11th Circuit: Additional Compensation for Salaried, Nonexempt Employee Is Permissible

By Douglas H. Duerr January 12, 2022
money in wallet

For employees paid overtime compensation pursuant to the fluctuating workweek method available under the Fair Labor Standards Act (FLSA), the payment of bonuses, shift differentials or other variable pay for the same week does not invalidate the arrangement, according to the 11th U.S. Circuit Court of Appeals.

The plaintiff was employed in Florida as a technician and was classified by Plastipak as a salaried, nonexempt employee. When he was hired, he signed a document stating that he would be paid according to the fluctuating workweek method of calculating his overtime compensation.

Under this method, an employee's overtime compensation is calculated by taking the weekly salary, dividing it by the total number of hours worked in the week to determine the employee's regular rate of pay for the week. That hourly amount is then divided in half and multiplied by the number of overtime hours to determine the overtime compensation due. In the plaintiff's case, Plastipak used a formula that was more generous than the law required by dividing the salary in weeks with overtime by only 40 (thus increasing the regular rate) and then multiplying that rate (rather than using only half) by the number of overtime hours.

In addition to a salary, the plaintiff would also occasionally receive holiday pay and, in weeks when he worked the night shift, up to $30 extra as a form of shift differential. When calculating his overtime compensation in such weeks, Plastipak would add those additional payments to the total before calculating the regular rate for the week.

The plaintiff sued, alleging that these additional, irregular amounts meant he did not receive a fixed salary each week and that, therefore, he was entitled to additional overtime compensation. The federal district court agreed and awarded judgment for the plaintiff. Plastipak appealed.

In reversing the district court's decision, the court of appeals looked at the history, dating back to 1938, of how the U.S. Department of Labor (DOL) had interpreted the requirements for use of the fluctuating workweek method of determining overtime as well as the U.S. Supreme Court's decision in Overnight Motor Transportation Co. v. Missel, 316 U.S. 575 (1942). Both the DOL's interpretation and the Supreme Court's decision permitted use of this method of calculating overtime compensation, and this was adopted by regulation in 1968 by addressing payment of employees paid a "[f]ixed salary for fluctuating hours." 29 C.F.R. §778.114.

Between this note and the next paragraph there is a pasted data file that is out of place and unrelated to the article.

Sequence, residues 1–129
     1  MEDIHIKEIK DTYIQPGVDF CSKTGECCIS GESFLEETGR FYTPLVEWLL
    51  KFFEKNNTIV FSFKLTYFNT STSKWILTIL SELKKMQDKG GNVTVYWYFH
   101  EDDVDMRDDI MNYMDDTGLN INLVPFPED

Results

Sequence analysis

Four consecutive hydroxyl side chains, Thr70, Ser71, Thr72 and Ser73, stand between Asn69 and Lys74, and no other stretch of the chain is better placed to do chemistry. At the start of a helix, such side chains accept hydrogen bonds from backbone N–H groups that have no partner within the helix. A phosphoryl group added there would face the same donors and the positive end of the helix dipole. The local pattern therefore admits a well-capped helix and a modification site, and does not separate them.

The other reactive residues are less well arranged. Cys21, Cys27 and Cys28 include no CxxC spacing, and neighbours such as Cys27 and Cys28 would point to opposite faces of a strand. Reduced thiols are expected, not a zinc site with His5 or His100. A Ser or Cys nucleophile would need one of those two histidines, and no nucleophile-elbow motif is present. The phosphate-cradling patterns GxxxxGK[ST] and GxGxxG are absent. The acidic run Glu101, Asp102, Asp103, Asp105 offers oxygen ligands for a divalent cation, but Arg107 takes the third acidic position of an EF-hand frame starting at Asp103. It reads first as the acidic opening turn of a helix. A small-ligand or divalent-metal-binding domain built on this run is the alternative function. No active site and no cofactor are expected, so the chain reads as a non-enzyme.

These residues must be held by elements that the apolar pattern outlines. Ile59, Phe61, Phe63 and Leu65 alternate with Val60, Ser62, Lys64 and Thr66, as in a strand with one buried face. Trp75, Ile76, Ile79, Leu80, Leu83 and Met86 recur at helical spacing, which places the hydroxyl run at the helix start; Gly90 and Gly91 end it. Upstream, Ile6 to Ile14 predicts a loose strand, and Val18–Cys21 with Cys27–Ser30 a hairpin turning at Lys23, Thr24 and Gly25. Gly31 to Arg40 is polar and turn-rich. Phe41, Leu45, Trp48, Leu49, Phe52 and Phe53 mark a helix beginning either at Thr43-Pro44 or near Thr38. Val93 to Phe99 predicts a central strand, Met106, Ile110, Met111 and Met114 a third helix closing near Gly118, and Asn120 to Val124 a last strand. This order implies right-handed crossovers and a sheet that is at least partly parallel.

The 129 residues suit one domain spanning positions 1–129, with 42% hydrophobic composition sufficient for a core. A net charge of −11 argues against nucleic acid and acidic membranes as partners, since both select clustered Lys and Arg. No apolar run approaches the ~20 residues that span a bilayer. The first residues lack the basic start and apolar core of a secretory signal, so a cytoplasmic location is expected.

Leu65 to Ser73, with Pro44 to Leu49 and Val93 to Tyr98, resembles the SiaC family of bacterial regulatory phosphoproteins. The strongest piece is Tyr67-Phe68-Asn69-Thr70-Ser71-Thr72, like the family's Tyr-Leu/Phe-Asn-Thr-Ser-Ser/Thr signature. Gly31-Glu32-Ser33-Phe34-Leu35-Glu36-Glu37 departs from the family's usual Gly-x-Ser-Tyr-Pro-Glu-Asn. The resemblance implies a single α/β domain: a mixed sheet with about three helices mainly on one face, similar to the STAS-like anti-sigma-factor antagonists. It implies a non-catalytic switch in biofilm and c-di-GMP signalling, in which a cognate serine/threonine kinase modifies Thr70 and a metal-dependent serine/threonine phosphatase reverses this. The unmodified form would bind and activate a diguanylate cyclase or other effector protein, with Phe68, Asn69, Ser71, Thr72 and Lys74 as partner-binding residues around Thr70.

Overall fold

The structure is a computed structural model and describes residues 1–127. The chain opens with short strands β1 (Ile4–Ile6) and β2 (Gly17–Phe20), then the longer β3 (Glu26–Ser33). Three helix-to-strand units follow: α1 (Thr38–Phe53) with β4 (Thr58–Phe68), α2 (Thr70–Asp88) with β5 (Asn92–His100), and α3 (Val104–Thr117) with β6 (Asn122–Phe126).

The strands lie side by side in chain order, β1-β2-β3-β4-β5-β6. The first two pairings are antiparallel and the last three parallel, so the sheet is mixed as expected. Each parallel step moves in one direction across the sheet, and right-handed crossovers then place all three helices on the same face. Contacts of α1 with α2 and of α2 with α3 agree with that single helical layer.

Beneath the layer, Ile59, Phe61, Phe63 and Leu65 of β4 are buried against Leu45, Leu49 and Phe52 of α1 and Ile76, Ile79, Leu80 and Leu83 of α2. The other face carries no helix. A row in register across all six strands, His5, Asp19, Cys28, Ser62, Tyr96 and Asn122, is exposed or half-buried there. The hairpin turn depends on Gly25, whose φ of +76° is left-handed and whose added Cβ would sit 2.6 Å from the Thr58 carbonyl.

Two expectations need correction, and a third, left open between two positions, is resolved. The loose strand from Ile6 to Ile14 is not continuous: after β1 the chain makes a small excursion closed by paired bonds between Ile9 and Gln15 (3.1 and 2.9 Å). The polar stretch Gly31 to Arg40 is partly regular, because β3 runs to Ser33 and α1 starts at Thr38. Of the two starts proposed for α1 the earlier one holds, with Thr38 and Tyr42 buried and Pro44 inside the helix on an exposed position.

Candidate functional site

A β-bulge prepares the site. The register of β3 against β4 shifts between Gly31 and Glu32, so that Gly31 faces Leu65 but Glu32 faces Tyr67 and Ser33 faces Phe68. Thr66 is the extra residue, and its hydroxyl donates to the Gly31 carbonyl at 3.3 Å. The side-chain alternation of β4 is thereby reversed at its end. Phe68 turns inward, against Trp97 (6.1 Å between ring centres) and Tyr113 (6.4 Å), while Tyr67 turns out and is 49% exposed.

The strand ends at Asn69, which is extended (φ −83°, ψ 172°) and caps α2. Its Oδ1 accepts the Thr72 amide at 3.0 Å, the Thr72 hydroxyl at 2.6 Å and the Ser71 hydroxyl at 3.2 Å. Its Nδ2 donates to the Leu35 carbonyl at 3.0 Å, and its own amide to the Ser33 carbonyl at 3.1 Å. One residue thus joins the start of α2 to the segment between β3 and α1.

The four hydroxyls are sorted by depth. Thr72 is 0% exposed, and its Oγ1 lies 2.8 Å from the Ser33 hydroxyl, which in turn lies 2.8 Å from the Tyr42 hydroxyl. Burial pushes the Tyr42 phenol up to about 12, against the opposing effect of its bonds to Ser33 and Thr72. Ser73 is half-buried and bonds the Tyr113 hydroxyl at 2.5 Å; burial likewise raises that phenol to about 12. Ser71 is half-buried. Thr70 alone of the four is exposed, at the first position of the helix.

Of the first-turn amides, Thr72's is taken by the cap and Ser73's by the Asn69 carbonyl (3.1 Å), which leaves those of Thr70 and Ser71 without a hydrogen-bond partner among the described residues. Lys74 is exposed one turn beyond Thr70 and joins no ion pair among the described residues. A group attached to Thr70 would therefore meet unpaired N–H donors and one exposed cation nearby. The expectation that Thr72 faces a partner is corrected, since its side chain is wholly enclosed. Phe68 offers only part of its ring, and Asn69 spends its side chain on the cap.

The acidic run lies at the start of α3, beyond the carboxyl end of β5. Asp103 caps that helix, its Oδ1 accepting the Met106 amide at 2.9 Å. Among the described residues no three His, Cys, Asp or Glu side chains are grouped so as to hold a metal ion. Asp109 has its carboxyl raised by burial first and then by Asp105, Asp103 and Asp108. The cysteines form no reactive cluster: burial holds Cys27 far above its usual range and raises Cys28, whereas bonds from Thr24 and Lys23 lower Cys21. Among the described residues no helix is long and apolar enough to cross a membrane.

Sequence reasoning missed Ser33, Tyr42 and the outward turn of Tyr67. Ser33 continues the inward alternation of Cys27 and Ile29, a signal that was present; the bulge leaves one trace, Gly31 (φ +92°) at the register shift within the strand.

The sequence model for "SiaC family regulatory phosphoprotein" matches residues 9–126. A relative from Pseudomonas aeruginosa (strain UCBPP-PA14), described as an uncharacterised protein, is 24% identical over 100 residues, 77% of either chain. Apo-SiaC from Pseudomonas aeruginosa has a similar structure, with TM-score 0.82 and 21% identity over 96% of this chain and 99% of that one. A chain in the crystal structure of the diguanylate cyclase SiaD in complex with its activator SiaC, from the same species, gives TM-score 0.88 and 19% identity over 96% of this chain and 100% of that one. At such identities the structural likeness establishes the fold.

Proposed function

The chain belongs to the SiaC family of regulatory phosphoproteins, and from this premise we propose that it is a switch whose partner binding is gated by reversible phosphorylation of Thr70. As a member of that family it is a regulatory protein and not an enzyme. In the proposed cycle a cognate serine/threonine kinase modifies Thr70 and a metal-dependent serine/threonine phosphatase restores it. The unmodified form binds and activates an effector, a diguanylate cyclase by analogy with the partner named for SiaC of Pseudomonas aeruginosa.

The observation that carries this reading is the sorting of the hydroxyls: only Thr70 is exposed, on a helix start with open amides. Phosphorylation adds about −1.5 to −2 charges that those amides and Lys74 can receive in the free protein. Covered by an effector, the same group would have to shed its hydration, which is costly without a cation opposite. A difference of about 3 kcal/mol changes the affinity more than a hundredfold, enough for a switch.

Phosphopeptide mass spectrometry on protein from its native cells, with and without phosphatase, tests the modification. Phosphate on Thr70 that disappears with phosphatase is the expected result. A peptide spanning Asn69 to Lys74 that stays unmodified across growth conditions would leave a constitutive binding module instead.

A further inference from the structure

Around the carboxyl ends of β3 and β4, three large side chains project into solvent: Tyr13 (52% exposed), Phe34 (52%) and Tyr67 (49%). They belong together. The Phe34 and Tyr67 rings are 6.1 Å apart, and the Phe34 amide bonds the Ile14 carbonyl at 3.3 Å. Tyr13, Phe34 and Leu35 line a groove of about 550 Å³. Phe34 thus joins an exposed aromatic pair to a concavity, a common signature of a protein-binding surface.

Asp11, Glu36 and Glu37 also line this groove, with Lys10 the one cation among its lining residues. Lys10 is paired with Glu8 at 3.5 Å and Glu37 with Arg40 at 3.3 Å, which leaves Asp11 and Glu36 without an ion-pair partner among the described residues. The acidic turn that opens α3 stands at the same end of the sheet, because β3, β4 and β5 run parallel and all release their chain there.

Applying a textual analysis, the appeals court determined there was no requirement that the total, weekly compensation be fixed, rather there had to be an understanding that there would be a weekly salary intended to cover the straight-time component of the hourly pay. This interpretation was supported by other regulations distinguishing between salary and other types of compensation such as bonuses.

The appeals court noted in passing that although not relevant to the decision because the case involved work performed from 2011 to 2016, in 2020, the regulation was amended to clarify that payment of additional compensation did not invalidate the method of calculating overtime.

Hernandez v. Plastipak Packaging, Inc., 11th Cir., No. 19-12655 (Oct. 13, 2021).

Professional Pointer: While the fluctuating workweek method of paying a salaried, nonexempt employee cannot be used in every state, it is available under the FLSA as a method of reducing the overall cost of overtime compensation payable to employees whose hours vary. This decision potentially opens the door for employers to provide additional compensation components. However, other courts of appeals, while allowing such additional compensation, draw a distinction between additional compensation tied back to hours worked (e.g., shift differential), and thus inconsistent with a fixed salary, and those that are not tied back to hours worked (e.g., commissions). Thus, when considering additional compensation for salaried, nonexempt employees, the consequences of doing so may vary depending upon where the employee works.

Douglas H. Duerr is an attorney with Elarbee, Thompson, Sapp & Wilson LLP, the Worklaw® Network member firm in Atlanta.



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